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September 26, 2017
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October 1, 2017
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Top Hebrew Words
When Out and About

must knows!

I must confess, after living in Israel for over eight years, I do not consider myself a fluent Hebrew speaker. Yes, I have worked in Hebrew, studied in Hebrew, and use Hebrew on a daily basis. So it’s kind of shocking that I am still not at a fluent level in this language. While I am certainly not an expert in the nuances of the Hebrew language; I am an expert at the top basic ‘must know’ phrases needed for getting around. As a tourist it’s even less of an issue; nobody will expect you to know Hebrew. However, Israeli’s always love it when you give it a try and make an effort to speak a bit in Hebrew. It’s almost guaranteed to make them smile as you awkwardly mutter a few select phrases, trying to sound polite. You’re most likely saying it wrong, but it’s cute and it makes them more open to you.

borat is happy to hear what you have to say even if he doesn't get what you are saying just like israelis

Don’t worry about mistakes though. I’ve had some embarrassing mispronunciation situations too. Getting similar sounding words confused can make you feel bad, but it’s all a part of the learning process. Don’t worry or get embarrassed, just giving it a shot says a lot and shows just how committed you are to embracing Israeli life. This article will explore the best words and phrases that you need to get around town:



Shalom, though a charged word (shah-lohm), which also means peace, is actually among the most commonly used word in Hebrew and can mean both hello and goodbye. Israelis would also use a slang word like hi, or an Arabic slang word “ahalan”.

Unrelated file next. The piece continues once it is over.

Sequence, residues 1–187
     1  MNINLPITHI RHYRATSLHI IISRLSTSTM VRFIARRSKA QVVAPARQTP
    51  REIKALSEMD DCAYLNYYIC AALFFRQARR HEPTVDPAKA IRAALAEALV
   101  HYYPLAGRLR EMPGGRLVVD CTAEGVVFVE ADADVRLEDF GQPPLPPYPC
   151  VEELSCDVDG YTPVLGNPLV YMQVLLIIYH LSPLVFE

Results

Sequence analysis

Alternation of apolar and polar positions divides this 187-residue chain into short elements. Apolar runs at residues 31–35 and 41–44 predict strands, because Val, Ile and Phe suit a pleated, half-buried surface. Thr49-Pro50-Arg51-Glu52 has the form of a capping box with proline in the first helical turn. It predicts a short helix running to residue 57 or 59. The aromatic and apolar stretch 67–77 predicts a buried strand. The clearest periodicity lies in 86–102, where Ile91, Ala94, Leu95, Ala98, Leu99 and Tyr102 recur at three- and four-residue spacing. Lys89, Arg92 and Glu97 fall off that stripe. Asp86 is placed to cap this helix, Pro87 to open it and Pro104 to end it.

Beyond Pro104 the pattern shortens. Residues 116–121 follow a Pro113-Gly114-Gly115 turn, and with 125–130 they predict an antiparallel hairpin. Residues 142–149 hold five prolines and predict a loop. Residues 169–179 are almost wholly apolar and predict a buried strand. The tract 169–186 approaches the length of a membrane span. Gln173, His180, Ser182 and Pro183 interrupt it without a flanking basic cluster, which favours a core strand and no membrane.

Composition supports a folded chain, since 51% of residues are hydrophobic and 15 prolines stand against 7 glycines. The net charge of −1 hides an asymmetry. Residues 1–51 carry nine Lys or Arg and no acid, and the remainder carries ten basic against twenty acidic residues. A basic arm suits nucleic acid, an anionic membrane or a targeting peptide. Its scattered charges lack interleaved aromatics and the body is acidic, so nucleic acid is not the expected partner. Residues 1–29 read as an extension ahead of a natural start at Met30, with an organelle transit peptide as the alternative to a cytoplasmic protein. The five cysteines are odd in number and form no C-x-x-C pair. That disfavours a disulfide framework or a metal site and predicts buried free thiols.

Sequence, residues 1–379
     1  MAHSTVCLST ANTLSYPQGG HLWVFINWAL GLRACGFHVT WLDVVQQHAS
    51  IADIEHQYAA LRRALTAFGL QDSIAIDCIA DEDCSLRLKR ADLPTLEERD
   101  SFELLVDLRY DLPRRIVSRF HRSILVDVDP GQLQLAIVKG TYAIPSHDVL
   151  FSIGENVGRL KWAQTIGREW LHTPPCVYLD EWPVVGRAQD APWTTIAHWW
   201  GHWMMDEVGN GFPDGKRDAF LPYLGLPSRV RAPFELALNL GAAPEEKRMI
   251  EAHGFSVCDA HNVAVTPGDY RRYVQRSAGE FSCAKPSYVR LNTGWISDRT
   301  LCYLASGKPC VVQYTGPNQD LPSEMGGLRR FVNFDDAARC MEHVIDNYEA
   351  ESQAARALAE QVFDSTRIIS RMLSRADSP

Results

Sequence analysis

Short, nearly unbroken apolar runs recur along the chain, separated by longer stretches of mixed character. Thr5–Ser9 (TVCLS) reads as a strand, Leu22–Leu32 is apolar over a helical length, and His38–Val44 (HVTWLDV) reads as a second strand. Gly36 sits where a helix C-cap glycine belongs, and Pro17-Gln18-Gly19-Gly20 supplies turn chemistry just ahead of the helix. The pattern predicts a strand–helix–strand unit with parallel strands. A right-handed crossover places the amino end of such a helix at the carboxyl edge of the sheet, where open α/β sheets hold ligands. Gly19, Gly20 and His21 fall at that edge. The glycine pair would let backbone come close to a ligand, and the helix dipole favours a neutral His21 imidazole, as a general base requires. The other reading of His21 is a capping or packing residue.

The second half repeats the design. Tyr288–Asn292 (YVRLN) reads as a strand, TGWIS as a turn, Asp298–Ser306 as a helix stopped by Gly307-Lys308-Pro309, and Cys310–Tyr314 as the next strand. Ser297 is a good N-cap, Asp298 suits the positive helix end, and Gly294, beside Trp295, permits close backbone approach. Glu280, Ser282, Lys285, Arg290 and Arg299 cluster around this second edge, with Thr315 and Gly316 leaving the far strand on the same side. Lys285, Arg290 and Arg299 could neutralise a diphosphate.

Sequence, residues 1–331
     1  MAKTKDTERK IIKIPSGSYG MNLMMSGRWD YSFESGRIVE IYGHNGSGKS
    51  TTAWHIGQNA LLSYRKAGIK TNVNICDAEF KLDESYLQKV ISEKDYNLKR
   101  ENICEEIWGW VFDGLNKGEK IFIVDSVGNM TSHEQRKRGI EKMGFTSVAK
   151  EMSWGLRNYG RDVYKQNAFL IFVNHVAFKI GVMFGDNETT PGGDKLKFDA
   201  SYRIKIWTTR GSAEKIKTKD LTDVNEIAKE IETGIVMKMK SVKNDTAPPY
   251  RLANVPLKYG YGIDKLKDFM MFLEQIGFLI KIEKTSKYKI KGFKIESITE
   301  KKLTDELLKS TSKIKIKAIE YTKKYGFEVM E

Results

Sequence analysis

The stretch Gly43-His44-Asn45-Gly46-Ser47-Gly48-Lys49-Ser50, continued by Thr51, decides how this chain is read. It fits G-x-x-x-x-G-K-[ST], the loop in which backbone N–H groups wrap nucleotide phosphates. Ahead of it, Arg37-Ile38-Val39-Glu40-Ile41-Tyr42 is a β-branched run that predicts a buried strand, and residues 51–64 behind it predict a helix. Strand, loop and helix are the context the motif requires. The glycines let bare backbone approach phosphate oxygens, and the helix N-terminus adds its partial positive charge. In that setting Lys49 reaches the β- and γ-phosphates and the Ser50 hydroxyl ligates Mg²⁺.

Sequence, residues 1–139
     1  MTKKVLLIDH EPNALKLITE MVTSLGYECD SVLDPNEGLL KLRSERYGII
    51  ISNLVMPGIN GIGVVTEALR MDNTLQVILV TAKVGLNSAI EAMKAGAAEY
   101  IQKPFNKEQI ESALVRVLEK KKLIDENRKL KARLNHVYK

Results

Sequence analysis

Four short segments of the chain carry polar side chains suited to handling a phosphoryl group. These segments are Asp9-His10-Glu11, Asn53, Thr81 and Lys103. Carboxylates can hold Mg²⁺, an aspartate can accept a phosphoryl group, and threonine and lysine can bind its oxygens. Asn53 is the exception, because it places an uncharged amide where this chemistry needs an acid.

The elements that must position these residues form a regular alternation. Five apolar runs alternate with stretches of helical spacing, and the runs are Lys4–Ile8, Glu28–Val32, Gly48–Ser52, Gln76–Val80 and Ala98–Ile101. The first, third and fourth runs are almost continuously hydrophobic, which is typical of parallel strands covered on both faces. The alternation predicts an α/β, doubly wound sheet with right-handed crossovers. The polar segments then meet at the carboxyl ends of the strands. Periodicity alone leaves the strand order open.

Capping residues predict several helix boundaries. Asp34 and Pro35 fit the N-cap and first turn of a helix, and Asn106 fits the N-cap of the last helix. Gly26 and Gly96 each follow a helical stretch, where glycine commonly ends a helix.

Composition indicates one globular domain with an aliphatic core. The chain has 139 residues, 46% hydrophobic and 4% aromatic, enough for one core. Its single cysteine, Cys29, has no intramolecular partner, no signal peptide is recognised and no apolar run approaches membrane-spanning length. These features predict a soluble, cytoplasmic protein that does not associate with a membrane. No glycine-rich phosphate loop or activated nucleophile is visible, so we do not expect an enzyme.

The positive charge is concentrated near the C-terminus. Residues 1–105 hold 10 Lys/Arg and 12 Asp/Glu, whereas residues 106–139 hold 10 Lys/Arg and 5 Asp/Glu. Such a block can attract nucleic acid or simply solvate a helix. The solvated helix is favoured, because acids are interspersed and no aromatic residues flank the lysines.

shalom is hello and peace in hebrew


Alright, this is your basic “cool”, “great”, “alright”. A word to use whenever you really feel like. I essentially see its’ use as similar to awesome in USA English. Want to go to grab a coffee? Sababa. Want to grab a bite? Sababa. Want to go to the beach? Sababa

sababa is a slange word for cool and good and awesome in hebrerw


When something goes well, say tov — it’s Hebrew for “good” and has plenty of uses in everyday conversations. 

Boker Tov — Good morning 

Laila Tov — Good evening 

Mazal Tov — Good fortune (literally) but you’ll know it as a congratulatory phrase from pop culture 

YiHye Tov It’s gonna be ‘good’ or ‘alright’

good is tov in hebrew so there is a mug with a smiley face conveying that all is good


When awesome is too much, but you don’t want to turn down that awesome trip to Masada. This is a more neutral word for “let’s do this. Okay, everything’s in order. 

beseder in hebrew means its all ok or fine

Toda and Toda Raba 

Thanks and Thanks a lot. This is a fun word to say because it sounds like you’re a 5-year-old who’s just finished a dance recital. Ta-da!

thank you and thank you very much translated into hebrew is toda and toda raba